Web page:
Comment: We ‘salmon people’ want our fish protected for future generations

Many West Coast Indigenous people call themselves the “salmon people,” because salmon are so integral to their culture, diet, community and way of life.

In a larger sense, all British Columbians are salmon people. The silver flash of leaping coho, the long struggle of spawning sockeye, the spectacle of bears flipping chum onto a stream bank and orcas streaking after a school of chinook are central to us all.

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But today, our salmon and other sea-going fish are not only in deep trouble, the laws for protecting such fish are profoundly broken. Enforcement of the law must improve, if we are to long remain salmon people.

For example, in February we learned that Chilcotin and Thompson River steelhead trout face a catastrophe. Their populations have plummeted 80 per cent over the past 18 years. Only 58 fish returned to the Chilcotin River this year, and 177 to the Thompson.

Canada’s scientific panel on endangered species responded by issuing an emergency assessment that these steelhead are at “imminent risk of extinction.” A fat lot of good that will do the fish.

The problem is that the federal government routinely withholds protection for endangered fish species — directly contrary to scientific advice from the Committee on the Status of Endangered Wildlife in Canada (COSEWIC). As a general rule, Ottawa will simply not protect fish species that affect commercial-fishing interests.

Look at the track record. The government authorized the scientists at COSEWIC to conduct statutory assessments of endangered species in 2002. Since then, COSEWIC has concluded that 62 fish species were “at risk,” but the government has listed only 12 for Species at Risk Act (SARA) protection.

The government’s record on sea-going fish is particularly abysmal. For example:

• In 2002, COSEWIC assessed the Sakinaw Lake sockeye as endangered. The government refused this advice, citing socio-economic reasons. The government has continued to leave them off the endangered list ever since, even through a three-year period where “zero or one” wild fish returned.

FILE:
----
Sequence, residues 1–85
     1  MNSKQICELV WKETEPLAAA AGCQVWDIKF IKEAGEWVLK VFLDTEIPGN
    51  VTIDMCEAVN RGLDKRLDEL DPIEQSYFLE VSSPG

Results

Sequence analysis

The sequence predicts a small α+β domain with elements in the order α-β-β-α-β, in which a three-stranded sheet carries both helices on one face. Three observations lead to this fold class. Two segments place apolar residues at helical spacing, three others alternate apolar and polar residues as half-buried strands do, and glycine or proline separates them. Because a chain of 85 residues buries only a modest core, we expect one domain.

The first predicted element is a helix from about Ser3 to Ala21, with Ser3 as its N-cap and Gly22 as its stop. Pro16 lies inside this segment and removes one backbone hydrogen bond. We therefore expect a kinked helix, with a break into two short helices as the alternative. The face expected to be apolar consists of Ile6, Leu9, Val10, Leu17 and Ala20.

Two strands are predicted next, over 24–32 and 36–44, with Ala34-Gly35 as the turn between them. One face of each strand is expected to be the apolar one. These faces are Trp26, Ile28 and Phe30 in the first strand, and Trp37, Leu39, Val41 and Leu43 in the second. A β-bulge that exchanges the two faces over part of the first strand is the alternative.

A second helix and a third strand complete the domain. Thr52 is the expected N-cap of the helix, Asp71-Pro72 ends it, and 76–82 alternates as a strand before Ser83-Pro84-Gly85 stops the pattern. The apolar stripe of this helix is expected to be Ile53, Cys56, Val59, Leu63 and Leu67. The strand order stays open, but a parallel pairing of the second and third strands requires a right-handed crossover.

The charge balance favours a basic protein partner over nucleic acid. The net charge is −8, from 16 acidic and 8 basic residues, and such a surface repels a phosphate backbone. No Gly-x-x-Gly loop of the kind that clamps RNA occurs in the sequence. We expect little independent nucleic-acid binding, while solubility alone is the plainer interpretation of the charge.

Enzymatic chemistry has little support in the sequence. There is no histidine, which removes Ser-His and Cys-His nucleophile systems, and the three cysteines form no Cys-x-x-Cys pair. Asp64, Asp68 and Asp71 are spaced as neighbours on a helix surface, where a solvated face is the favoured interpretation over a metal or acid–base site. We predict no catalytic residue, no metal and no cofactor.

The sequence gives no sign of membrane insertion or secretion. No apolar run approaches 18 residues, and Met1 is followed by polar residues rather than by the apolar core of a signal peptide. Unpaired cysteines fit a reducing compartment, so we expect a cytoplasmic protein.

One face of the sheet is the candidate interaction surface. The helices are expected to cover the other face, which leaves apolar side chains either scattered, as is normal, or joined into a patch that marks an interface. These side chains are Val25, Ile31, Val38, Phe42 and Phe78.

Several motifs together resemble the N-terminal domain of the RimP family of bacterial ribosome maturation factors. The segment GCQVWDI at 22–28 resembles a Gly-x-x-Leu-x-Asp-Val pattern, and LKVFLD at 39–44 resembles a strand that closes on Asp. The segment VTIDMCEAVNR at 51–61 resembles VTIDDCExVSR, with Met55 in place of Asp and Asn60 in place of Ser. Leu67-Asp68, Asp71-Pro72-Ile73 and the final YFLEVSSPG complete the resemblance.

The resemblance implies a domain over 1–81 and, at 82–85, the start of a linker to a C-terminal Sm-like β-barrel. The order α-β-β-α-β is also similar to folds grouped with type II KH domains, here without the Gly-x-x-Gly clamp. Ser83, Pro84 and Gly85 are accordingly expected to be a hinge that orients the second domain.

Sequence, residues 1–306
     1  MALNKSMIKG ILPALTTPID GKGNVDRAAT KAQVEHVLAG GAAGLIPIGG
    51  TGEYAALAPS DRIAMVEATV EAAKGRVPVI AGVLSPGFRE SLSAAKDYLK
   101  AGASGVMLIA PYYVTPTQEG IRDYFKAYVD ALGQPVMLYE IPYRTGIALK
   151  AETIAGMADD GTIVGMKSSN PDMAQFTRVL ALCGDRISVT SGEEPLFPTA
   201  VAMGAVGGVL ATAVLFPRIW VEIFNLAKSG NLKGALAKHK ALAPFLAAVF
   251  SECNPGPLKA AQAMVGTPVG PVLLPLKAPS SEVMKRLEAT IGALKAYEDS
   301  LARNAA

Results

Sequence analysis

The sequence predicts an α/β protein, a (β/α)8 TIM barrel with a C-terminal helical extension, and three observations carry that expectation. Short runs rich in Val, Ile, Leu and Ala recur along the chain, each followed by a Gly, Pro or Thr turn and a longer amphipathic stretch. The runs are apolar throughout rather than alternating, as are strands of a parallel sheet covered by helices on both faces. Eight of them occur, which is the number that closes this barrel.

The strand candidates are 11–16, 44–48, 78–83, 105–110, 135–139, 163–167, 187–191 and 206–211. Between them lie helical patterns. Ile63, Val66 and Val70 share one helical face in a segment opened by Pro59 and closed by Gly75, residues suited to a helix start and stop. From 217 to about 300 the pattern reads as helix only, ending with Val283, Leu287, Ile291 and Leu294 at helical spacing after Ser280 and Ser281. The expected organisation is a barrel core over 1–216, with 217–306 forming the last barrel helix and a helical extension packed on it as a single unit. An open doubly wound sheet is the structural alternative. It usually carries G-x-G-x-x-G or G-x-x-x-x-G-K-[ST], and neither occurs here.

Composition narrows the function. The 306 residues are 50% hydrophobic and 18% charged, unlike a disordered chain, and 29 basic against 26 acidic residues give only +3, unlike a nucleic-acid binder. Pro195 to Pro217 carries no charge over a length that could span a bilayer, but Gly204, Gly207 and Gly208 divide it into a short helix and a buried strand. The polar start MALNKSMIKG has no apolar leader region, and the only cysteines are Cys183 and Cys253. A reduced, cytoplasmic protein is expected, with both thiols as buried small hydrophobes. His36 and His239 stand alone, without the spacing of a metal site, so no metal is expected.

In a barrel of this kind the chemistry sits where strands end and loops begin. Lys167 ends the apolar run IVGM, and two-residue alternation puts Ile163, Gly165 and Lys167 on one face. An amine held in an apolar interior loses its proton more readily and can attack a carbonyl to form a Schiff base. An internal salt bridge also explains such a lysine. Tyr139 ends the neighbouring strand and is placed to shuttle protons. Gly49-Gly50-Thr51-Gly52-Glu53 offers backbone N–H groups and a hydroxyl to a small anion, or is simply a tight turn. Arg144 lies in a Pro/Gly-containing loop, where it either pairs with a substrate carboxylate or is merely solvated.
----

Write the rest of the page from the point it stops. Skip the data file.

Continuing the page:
• Similarly, COSEWIC assessed Cultus Lake sockeye as endangered in 2002, but the government chose not to list the species. Their numbers have dropped almost 40 per cent since.

• In the Maritimes, COSEWIC has assessed Atlantic cod and Atlantic bluefin tuna as endangered for some time. But the government has failed to formally list them as endangered under SARA. Instead, fishing quotas were actually increased for both species.

The problem is that the government typically withholds endangered species status for a fish if the fish is part of — or associated with — a commercial fishery. One study has concluded that the government has denied SARA listing to all fish that have an estimated socio-economic cost above zero.

For example, COSEWIC assessed the porbeagle shark as endangered in 2004. But the government chose not to list the species because of socio-economic concerns, even though only one or two fishers’ livelihoods were dependent on porbeagle. Simon Fraser University professor Arne Mooers commented that such decisions “reflect an implicit policy not to list any marine fish perceived to be of economic value, no matter how small.”

The Canadian track record is particularly troubling in light of the fact that the U.S. Endangered Species Act explicitly prohibits the government from allowing socio-economic factors to trump science when deciding to protect endangered species.

It is no wonder that the chair of COSEWIC, University of B.C. zoology professor Eric Taylor, has recently decried the Canadian government’s poor record of protecting commercially-exploited fish that scientists deem endangered.

Clearly, Canada’s Species at Risk Act has failed our salmon, steelhead and other sea-going fish. But, now the Trudeau government faces a true litmus test. It must make a decision about whether Ottawa will follow its past cavalier approach — or immediately list the Chilcotin-Thompson steelhead as endangered.

After all, if Canada’s endangered-species law cannot protect the last 58 individuals in the Chilcotin River, what good is it? It’s time for the government to finally follow the science and protect the steelhead — and the salmon that have been abandoned in the past.

We, the salmon people, demand no less.

Calvin Sandborn is legal director and Rebecca Whitmore is a law student at the University of Victoria Environmental Law Centre.

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